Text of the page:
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By Claudette Sutton
Oh, 2020. You came in like a lamb, and you’ve been roaring like a lion ever since.
The pandemic death toll mounts. The economic fallout may last for years. The West is on fire. The East is being hammered by hurricanes. Drought and heat linger on. Riots against racist oppression continue around the world. Kids are back in virtual classrooms. Parents and teachers are doing all they can to meet children’s needs and, with any leftover energy, maybe a few of their own. Psychologists are alerting us to “crisis fatigue” — which parents may experience even in ordinary times.
Oh, 2020. If you’re vying for a place in the history books, you’ve earned it. You’ve been an exceptional year in every exhausting, overwhelming respect.
But here’s the thing. Children don’t do so well with relentless change. Sure, they like surprises, but they need safety, security, food, comfort and fun, time outdoors, time with friends, time with loved ones. The square-peg-in-a-round-hole disconnect of 2020 comes from trying to meet those needs in this era of dizzying change.
You know what one of the most common suggestions is for parents taking young children on vacation? “Keep bedtime as consistent as possible.” If we’re experiencing a divorce or death in the family, a move, a parent’s loss of employment, or another major change, the advice is similar. Have meals together. Maintain regular routines for bedtimes, story times, games and celebrations, to assure children that their world is still in order.
So what’s up, 2020? We’re not even three-quarters through and you’ve already made consistency as archaic as a group hug.
And yet. Oh, and yet! Somehow in the midst of this chaos, people here in Santa Fe and beyond are tapping into reserves of resourcefulness and creative thinking to help us meet the moment.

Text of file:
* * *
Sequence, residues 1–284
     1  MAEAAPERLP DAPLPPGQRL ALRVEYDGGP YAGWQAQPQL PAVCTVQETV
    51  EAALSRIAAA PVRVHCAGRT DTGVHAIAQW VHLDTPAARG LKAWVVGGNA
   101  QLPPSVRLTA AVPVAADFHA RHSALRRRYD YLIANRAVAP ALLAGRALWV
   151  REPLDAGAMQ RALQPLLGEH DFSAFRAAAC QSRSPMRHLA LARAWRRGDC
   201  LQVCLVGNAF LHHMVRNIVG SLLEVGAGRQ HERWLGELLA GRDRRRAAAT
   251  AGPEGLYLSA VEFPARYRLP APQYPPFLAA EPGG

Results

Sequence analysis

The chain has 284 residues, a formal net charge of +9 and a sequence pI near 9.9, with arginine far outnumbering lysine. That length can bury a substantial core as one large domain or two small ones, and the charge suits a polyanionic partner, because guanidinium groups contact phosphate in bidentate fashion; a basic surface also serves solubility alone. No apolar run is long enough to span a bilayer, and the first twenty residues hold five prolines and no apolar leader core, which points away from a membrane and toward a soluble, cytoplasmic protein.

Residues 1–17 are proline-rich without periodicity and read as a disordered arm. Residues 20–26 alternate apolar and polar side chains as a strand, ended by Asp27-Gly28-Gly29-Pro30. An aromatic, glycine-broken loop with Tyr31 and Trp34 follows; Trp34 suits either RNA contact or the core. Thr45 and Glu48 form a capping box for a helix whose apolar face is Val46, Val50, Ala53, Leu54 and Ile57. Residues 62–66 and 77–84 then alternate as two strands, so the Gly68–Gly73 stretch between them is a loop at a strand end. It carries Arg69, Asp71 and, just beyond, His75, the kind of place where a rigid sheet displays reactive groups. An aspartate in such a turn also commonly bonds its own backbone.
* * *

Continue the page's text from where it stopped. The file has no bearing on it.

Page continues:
ARTsmart and other members of the Santa Fe Community Educator’s Network, for example, recognized shortly after Santa Fe Public Schools shifted classes online in March that children need not only virtual learning experiences, but hands-on, tactile ones, too. They responded by assembling packets with materials for art, science, math, history and other educational activities, which they distribute free to families as they pick up meals at city distribution sites and other venues. In Sarah Mandala’s So Much to Share, you’ll see that distributing these learning packets is one of several plans ARTsmart and SFCEN have for adapting to ongoing virtual schooling this year.
The Pajarito Environmental Education Center also pivoted early in the pandemic, putting many of their wonderful nature activities online. When COVID forced the temporary closure of the Los Alamos Nature Center (which houses the PEEC) in March, they launched Take it Outside!, an online vehicle for getting kids outdoors. The series, archived on their website, offers a different theme each week, with five different activities on that theme and variations for beginner and more-advanced naturalists. Observing nature’s patterns and cool phenomena settles us in uncertain times, as Siobhan Niklasson explains, with a September Scavenger Hunt to start us off.
The New Mexico Wildlife Center has also found new ways for us to stay connected to our natural environment, with virtual programs that keep us acquainted with their Ambassador Animals, including raptors, large cats, reptiles and other wild critters. In Migrating, Stocking Up, Rutting and Molting, Jessica Schlarbaum trains our eyes for observing signs of change in autumn. The Wildlife Center was able to reopen its outdoor areas in mid-August, and their virtual programs will continue as well.